Doing the measuring and drawings, Tony improvised and put together plans for the project that required approval not only of the church council and pastor, but the Hawk Mountain Council of the Boy Scouts of America, and, eventually, the district's board of review and national approval.
"The project brought awareness to and pays tributes to the important historical site," said George Stianchie.
Tony's service project included developing layout drawings; removal of existing grass and a small flower bed, and regrading the area with proper drainage.
Joined by fellow Scouts, his mother, Maria, and father, and Scoutmaster Chris Santore and Assistant Scoutmaster Gerry Snyder, the work included placement of base materials for 120 square feet of brick pavers that were installed; hand-digging a trench and installing 85 feet of electric cable for lighting of the statue; and installing LED 120-volt spotlights to illuminate the statue, including installation of a photocell and wiring to connect to the church power.
He also installed two concrete benches and planting shrubbery/flowers.
The project, which came in under its $1,000 budget, was aided by Cooper Electric, Allentown, which donated the LED lights that were installed to light up the statue at night, and Panther Valley Lumber, which discounted the materials needed to complete the work. The Carbon County A.O.H. made a financial contribution, apparently to help perpetuate the Molly Maguire connection.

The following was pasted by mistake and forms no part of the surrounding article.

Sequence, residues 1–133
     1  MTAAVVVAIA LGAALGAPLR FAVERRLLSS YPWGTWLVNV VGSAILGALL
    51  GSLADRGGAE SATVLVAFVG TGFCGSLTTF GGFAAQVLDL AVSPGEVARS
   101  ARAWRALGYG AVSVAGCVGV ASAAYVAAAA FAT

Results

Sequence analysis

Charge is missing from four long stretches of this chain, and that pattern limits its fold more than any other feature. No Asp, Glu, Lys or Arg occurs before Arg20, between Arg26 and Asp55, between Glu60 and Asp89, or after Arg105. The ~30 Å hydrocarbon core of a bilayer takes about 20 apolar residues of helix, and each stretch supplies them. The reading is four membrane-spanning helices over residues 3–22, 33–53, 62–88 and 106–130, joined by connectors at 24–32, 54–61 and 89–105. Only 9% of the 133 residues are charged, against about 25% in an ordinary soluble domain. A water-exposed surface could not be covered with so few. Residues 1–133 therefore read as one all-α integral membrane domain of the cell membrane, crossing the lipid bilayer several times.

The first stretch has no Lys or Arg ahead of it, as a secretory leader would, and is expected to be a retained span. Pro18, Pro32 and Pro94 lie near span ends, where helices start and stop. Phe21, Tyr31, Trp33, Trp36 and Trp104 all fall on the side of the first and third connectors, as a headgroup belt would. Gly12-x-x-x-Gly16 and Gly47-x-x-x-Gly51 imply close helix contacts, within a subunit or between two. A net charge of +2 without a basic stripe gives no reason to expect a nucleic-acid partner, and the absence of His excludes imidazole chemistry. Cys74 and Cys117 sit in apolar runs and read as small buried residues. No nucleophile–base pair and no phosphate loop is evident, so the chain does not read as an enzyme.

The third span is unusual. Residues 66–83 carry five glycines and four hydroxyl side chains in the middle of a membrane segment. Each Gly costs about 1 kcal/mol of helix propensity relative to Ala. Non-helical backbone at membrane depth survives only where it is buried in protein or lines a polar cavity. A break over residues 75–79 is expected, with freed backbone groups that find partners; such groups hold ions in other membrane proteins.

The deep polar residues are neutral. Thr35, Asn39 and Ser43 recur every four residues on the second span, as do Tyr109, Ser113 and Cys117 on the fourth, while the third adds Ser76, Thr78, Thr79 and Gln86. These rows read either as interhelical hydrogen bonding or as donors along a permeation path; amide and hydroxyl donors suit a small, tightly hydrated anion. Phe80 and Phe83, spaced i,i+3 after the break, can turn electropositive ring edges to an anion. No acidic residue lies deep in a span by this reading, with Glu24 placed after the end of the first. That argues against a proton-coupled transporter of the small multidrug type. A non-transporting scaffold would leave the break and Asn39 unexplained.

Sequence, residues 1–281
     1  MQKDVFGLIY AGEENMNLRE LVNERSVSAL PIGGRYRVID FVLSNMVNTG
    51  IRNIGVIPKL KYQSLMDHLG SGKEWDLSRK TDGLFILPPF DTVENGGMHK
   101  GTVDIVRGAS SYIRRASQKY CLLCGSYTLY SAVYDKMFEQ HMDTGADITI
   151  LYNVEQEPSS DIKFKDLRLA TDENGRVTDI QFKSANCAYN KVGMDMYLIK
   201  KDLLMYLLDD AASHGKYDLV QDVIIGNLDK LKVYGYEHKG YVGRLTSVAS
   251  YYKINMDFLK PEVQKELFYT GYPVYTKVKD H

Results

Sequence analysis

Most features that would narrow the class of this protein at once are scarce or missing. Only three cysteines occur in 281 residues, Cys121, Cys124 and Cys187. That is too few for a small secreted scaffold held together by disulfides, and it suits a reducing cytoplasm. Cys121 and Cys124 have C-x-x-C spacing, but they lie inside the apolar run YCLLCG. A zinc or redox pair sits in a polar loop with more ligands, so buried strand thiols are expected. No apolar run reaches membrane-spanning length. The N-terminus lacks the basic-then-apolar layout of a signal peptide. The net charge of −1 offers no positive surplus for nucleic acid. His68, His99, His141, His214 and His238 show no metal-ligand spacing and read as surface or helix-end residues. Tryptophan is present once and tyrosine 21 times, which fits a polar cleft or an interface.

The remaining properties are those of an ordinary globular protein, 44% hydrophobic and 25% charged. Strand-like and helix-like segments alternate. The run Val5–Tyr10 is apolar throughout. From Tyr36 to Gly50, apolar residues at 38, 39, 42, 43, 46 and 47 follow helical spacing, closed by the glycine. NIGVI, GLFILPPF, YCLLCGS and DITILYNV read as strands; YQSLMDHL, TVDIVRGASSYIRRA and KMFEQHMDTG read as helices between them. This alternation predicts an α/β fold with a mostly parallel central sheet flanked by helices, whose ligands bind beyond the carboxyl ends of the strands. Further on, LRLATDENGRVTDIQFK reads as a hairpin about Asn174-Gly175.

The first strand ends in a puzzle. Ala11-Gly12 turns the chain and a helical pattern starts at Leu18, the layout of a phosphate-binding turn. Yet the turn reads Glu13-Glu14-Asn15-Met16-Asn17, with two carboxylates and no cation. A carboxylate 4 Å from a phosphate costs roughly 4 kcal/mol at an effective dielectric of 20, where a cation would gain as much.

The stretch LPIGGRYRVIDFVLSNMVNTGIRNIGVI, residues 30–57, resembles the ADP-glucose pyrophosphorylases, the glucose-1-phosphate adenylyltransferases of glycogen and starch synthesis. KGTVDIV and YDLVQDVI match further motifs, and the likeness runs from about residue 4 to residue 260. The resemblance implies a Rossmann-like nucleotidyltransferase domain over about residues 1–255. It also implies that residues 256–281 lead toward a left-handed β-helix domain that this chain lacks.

"We've seen Tony really mature and his leadership skills really develop, especially through his Eagle Scout project," said his mother.
"There are many excellent adults, mentors and volunteers who make themselves available to boys to assist them with community involvement as they work toward Eagle Scout status. We are extremely proud of Tony."
His father added, "The whole Scouting organization has had an influence on Tony. It mentored him, and has given him skills that would have otherwise been tough to learn, some skills that other individuals don't learn until they are in their early 20s."
George said Tony also worked for two years at the Hawk Mountain summer camp, where, his father said, "He learned a lot, including giving orders and taking orders. Scouting is a great organization. It's a wholesome, well-built class organization that grew with and built America."
The new Eagle Scout is a member of Scout Troop 744, Nesquehoning, and has been involved in Scouting for 11 years.
Tony began his Scouting journey in first grade when he became a Cub Scout, and he advanced to Webelos II status until he was 10, at which time he joined Troop 744. Through the years, he journeyed through the ranks of Scout, Tenderfoot, Second Class, First Class, Star, Life and, now, Eagle.
The experience, Tony said, provided him great insight about Scouting.
"It means personal morals, being in touch with nature, knowing and being involved in community, knowing what's going on in the world, understanding organizational skills and leadership," he said.
"Scouting taught me good organizational skills. It is something all boys should experience," he suggested.